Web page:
The climate is Mediterranean, with hot dry summers and mild rainy winters in the lowlands. The higher altitudes further inland make temperatures lower, and winter precipitation there often falls as snow. In the highest mountains, snow lies in the northeastern corries all year round. The lowlands have between 270 and 300 days of sunshine a year, and the sea is warm enough to swim in (comfortably) from May to October. The coldest month is January, when the mean lowland temperature is 5–10°C and inland it can fall to below –10°C. The hottest month, July, can be very hot indeed, sometimes topping 40°C inland. Sea breezes keep the coastal towns cooler.
A Catholic church in the Thethi Valley with the Albanian Alps in the background © ollirg, Shutterstock
For most purposes, the best times of year to visit Albania are spring and autumn. The countryside is particularly beautiful in those seasons; in autumn the orchards blaze with the bright orange of the persimmons and the cooler colours of the citrus fruits, while in spring the apple and cherry blossoms form little pastel-toned drifts by the roadside. The long spring evenings are a good time to enjoy the terrace cafés in Tirana and the coastal towns. In September and October it is still warm enough to swim at the Ionian beaches. In addition, spring and autumn are ideal for relatively low-level hiking or cycle-touring.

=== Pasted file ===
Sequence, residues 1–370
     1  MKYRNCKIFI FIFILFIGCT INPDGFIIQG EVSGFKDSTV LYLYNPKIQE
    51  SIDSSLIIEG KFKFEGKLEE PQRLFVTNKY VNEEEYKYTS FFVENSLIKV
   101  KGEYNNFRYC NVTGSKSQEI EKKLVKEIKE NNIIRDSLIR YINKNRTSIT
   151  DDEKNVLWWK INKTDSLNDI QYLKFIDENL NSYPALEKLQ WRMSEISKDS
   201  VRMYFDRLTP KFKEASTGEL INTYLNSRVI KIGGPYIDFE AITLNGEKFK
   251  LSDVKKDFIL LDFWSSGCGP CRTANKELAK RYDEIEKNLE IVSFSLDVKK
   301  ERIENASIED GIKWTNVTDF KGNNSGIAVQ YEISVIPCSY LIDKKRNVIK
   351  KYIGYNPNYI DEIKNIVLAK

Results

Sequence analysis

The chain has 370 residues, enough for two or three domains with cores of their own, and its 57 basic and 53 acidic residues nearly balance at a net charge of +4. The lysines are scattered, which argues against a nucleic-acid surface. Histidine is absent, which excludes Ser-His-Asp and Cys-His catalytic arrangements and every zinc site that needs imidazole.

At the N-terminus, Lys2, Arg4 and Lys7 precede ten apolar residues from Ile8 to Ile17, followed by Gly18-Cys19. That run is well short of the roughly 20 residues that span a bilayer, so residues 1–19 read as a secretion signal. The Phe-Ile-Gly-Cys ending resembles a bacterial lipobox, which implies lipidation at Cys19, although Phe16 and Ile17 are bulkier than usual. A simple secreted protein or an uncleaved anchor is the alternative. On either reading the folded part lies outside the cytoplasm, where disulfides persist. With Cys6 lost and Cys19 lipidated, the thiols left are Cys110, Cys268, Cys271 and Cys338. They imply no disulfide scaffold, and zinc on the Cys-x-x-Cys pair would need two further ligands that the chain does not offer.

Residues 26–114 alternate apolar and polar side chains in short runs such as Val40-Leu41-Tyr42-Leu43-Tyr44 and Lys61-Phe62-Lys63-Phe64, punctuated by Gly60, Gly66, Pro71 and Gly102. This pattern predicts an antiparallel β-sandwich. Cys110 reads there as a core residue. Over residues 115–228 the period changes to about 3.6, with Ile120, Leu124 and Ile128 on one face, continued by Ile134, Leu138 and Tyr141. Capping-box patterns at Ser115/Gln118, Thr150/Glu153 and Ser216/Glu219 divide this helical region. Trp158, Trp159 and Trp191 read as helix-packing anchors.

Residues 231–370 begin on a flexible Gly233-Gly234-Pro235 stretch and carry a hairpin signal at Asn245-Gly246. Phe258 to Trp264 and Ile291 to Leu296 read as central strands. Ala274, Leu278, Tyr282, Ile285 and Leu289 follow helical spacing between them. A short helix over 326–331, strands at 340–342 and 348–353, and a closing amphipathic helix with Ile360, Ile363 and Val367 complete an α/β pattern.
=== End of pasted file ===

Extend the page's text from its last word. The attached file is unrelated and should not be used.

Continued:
Albania has something for almost everyone. Lovers of the outdoors will be happy just about anywhere in the country. The Albanian Alps in the far north and the mountains between Berati and Përmeti in the south are probably the best organised in terms of accommodation, guides and so forth. The Lura Lakes, between Rrësheni and Peshkopia, and the Lunxhëria and Nemerçka ranges in the southwest, are more remote but offer fantastic hiking and cycling opportunities.
Mesi Bridge (‘Ura e Mesit’ in Albanian) near Shkodra © ollirg, Shutterstock
Those who are interested in archaeology and history will find Albania full of delights. In the southwest of the country, the ancient city of Butrint already draws hundreds of thousands of visitors every year. It richly deserves its status as the country’s best-known archaeological site, but there are many other interesting Illyrian, Greek and Roman remains. No visit to southern Albania would be complete without the ancient cities of Gjirokastra and Berati, with their hilltop castles and unique architecture. In the north, the castles of Shkodra and Kruja embody centuries of history, one layer upon another.
Lovers of medieval art should visit the icon collections in Berati, Korça and Tirana; the whole of central and southern Albania is full of half-forgotten churches with magnificent frescoes. Ornithologists will want to head for the coastal wetlands at Karavastaja, Kune Vaini and Velipoja. Finally, connoisseurs of beaches could easily spend a couple of weeks happily working their way up or down the Albanian Riviera.
Where you go in Albania depends not only on what you like doing, but also where you enter the country. The main points of entry are Tirana International Airport, and Saranda, on the ferry from Corfu. Those who approach Albania from other directions – from Montenegro, Kosova, Macedonia, Greece or Italy – will need to tweak these suggested routes to suit their starting points. All the suggested itineraries can be done by public transport, although the occasional taxi will speed things up considerably.